As a music category, “African” is impossibly broad. Encompassing a vast continent with myriad cultures, the label applies to hundreds of styles, from Nigeria’s big-band juju music to South African township jive to North African drum ensembles. And then there’s Taj Mahal’s favorite, the moody string music of West Africa.
Taj, a fixture of the American folk and blues scene since the ’60s, recently collaborated with Malian musician Toumani Diabate on Kulanjan (Hannibal), an album that explores the link between American blues and traditional West African music. Taj says there’s no doubt about the lineage.
“Sometimes when people talk about the connections between Afro-American music and African music, they’re kind of stretching it,” he explains. “But this stuff clearly is a relative.” He tells of the time he started playing a particular blues song and his Malian bandmates knew instantly where the music was headed. “It’s almost like a relative who’s gone away for 500 years and gone through some metamorphosis and changes, but is still recognizable.”
Toumani Diabate plays the kora, a 21-string harp-lute whose creation can be traced to 15th-century Timbuktu, an important cultural center in West Africa’s Songhai empire. For Diabate, born in 1965, playing the kora is a family affair. His father, Sidiki, was once revered as Mali’s “King of the Kora,” and even though he takes the instrument into new territory–melding it with jazz and flamenco, for instance–Diabate is part of an old tradition. He’s a griot, one of a long line of historian-musicians who perform a crucial task in Mali and other West African cultures.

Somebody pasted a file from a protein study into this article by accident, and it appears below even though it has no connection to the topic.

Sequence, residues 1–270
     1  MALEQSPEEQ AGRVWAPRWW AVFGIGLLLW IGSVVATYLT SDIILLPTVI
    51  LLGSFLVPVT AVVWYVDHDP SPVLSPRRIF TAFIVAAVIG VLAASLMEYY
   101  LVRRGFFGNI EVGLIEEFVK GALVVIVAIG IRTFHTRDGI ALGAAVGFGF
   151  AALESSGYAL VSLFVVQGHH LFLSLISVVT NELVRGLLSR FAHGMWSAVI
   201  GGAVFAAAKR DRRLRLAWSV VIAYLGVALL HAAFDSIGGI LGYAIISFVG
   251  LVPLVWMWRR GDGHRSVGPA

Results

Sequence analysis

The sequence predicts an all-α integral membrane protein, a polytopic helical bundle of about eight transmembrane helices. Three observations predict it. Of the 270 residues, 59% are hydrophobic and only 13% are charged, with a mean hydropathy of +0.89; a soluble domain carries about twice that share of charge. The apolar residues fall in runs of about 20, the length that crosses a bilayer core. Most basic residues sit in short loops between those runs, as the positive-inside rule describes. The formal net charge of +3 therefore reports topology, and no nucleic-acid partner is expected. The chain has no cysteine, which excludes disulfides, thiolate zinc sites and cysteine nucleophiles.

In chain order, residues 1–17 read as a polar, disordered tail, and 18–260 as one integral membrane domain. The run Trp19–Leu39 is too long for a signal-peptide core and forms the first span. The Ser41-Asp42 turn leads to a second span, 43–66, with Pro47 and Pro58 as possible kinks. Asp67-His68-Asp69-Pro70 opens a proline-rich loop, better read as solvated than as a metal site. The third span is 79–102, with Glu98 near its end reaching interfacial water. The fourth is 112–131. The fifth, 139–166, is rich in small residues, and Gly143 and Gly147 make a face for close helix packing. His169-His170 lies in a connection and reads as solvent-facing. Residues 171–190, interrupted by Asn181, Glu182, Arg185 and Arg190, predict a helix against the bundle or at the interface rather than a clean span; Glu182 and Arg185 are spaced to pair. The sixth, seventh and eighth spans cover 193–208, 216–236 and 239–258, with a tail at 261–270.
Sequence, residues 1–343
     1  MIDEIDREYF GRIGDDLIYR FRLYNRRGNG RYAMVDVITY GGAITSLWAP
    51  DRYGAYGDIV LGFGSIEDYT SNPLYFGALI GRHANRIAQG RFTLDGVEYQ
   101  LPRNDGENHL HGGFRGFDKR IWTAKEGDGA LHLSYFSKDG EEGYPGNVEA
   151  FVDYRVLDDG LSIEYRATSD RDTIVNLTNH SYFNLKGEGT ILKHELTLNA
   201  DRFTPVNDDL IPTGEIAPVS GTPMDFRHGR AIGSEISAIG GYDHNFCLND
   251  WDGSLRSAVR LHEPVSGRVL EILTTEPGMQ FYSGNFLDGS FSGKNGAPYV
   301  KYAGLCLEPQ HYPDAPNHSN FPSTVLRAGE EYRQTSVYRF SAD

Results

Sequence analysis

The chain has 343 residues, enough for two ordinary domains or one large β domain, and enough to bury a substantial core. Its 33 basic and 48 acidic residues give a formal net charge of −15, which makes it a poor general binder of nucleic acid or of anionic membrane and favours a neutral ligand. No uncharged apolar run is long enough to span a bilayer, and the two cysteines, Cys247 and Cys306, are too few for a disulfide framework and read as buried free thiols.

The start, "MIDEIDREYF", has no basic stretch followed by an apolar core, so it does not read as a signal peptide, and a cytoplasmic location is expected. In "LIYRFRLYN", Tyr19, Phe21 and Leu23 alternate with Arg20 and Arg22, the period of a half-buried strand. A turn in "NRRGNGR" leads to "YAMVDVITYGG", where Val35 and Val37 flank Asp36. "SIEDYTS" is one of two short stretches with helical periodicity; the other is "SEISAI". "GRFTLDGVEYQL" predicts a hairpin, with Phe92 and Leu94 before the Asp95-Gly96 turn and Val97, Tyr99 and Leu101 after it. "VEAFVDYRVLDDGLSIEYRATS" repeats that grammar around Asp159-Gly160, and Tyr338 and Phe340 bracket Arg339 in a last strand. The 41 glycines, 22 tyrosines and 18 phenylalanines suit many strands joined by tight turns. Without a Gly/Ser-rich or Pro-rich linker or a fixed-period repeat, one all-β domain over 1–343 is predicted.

“These guys have been stewards of the music without changing the basic content, remembering different things from one griot to the next,” says Taj. “The music I was bringing to them goes back to earlier times, but their music goes back 71 generations–71 generations! They all respected me as the elder, but at the same time, we were well aware that I was the one playing the youngest music.”
West Africa’s melody-rich string music has a sound distinct from the drum-heavy soukous, juju, mbalax, and Afrobeat styles typically associated with the continent. Its complex and melodic fingerpicking style is seen as a forebear to the rich Delta blues guitar sound of Mississippi John Hurt and others. A lutelike instrument called the ngoni–played on Kulanjan by Bassekou Kouyate–is a predecessor to the banjo. To Taj’s ear, these old West African instruments “sing the same kind of way” as the guitars, banjos, and mandolins he’s always gravitated toward in his own music.
As Mali’s reigning kora master, Diabate is musically broad-minded but mindful of the past. Earlier this year he released New Ancient Strings (Hannibal), an album of kora duets with Ballake Sissoko, the son of another famous kora player, Djelimadi Sissoko. A 1970 recording by their fathers, Ancient Strings, has become a Malian classic that radio stations still play to mark national occasions.
Kulanjan isn’t Taj’s first recorded foray into West African sounds. He has sometimes tapped the African connection in his blues, folk, and jazz, and he played on The Source, a hauntingly beautiful 1991 recording by Malian electric guitarist Ali Farka Toure, well known for his huge-selling 1994 collaboration with Ry Cooder, Talking Timbuktu.
Taj Mahal and Toumani Diabate have been on the road in recent weeks as part of Africa FÍte ’99, an 18-city U.S. tour featuring several African musicians, including Senegal’s Baaba Mal and Zimbabwe’s Oliver Mtukudzi (check out www.africafete99.com). Produced by the John F. Kennedy Center for the Performing Arts, the show underscores a growing American awareness of African music, which often pulses with a creative energy that a lot of domestic pop has lost.
A significant number of people “are tired of hearing the mediocre stuff that’s out there,” Taj explains. “They’re looking to make a connection with something real in a very unreal, very plastic, very disappointing world. Here is something that shines through as the real thing, the real vibe.”